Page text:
The boardroom at Amalgamated Bank is named after Sidney Hillman. As you enter through the vestibule, you’ll notice an impressively large plaque with the names of the founders of Amalgamated. The room itself has perhaps twenty seats around the table, and another dozen or so against the walls. The East side of the room has a giant screen and a camera for video conferences. The west side of the room has a counter where they usually put catered food. And finally, above that is a mural of Sidney Hillman.
During a recent board meeting, I was looking at the picture of Mr. Hillman and thinking about how he reminds me a great deal of Shawn Fein, a labor leader in the news quite a bit these days. Before he founded a bank, Mr. Hillman worked for a clothing manufacturer in New York making expensive men’s suits. Eventually, he and some of his colleagues decided that they wanted to insist on higher pay and better working conditions and that they were willing to go on strike to get them. The leaders of their union – which did not include Hillman – met with the company owners and … decided to capitulate and accept the company’s offer. The workers were not happy, did not accept the deal, and continued their strike. Some workers, backed by the capitulating union leadership, did not honor their picket lines. The stalemate lasted for years, but eventually Hillman and the workers’ side prevailed. I doubt that anyone even remembers the name of the AFL-affiliated union that settled, but Hillman’s grandchildren’s grandchildren will know what he created: Amalgamated Clothing Workers, and the Congress of Industrial Organizations (CIO) which merged with the AFL many years later to form the AFL-CIO. After founding the union, Hillman would go on to found the Amalgamated Bank. Back in the day, worker-owned businesses were commonplace, but the Amalgamated Bank is currently, as far as I know, the only for-profit business owned by a labor union.
Shawn Fein, the current head of the UAW (United Auto Workers), has a lot in common with Sydney Hillman. They both became the heads of powerful unions specifically because they watched certain union leadership accommodate employers, forgetting that they were supposed to be representing the workers.
I have often said that even our best political leaders spend much of their time with the major donors, so it’s easy to see how even the fiercest advocates can become very familiar with, and sympathetic to, the issues of those major donors. Some labor leaders may have more-or-less the same problem. After years of working with the company management, they eventually become part of that group, and become sympathetic to the needs, wants, desires, and goals of the company management.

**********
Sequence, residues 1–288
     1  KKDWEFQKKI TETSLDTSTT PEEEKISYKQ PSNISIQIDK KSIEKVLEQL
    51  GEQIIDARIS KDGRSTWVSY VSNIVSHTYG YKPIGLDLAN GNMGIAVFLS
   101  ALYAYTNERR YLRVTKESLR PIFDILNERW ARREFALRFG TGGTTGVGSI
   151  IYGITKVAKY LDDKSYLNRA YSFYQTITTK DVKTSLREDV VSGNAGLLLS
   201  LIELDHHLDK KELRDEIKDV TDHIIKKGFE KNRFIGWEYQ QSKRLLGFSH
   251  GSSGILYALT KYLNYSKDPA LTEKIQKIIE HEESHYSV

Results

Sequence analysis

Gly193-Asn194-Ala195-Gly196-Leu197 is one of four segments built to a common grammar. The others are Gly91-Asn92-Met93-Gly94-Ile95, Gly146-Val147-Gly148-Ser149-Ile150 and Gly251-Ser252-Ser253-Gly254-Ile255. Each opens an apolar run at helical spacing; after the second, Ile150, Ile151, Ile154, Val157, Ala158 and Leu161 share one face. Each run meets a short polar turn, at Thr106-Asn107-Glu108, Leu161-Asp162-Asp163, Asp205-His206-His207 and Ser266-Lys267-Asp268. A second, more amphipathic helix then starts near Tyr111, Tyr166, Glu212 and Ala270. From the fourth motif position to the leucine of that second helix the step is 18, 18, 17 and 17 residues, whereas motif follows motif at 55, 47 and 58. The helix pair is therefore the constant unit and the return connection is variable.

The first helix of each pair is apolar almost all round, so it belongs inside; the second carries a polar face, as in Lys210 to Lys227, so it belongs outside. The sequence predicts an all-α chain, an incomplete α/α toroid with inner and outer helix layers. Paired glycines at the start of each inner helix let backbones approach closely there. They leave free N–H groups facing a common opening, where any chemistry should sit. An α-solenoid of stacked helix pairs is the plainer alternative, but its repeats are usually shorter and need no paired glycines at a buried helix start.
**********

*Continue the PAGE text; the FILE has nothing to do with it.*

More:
Then came the 2008 “financial crisis”. Banks that had been considered secure for a century suddenly were no more. Bear Stearns, Lehman Brothers and Merrill Lynch were acquired by other firms for a tiny fraction of what they were worth a few months earlier. AIG, Citigroup, and General Motors accepted huge financial investments from the US Government (which turned out, years later, to be profitable for the government, but that’s a different story). The unions agreed to many incredibly painful concessions, including ending defined benefit pensions, letting the company off the hook for health care benefits for retired workers, and ending the “job bank” program, which enabled workers to continue being paid if their work was temporarily not needed. These changes lowered overall labor costs for the companies without lowering the nominal wages of the workers. But the economic cost for the workers was nevertheless severe.
After the givebacks in 2008, a dozen senior officers of the UAW were convicted of serious corruption, and Shawn Fein was elected after the union changed its rules so senior leaders were elected by the members. The previous system was more complicated than the electoral college, with elected local leaders selecting people to fill official positions, who selected other people, who eventually selected the senior executives.
Put simply, Shawn Fain is fighting to improve the lot of workers. But he also represents something about our political moment: its potential. Let’s try to help our nation follow the lead of Fain, Hillman, and the auto workers:
- Send corrupt leaders to prison
- Change our election rules so that whichever side has the most votes wins.
- Elect new leaders who will represent the workers, not the managers and investors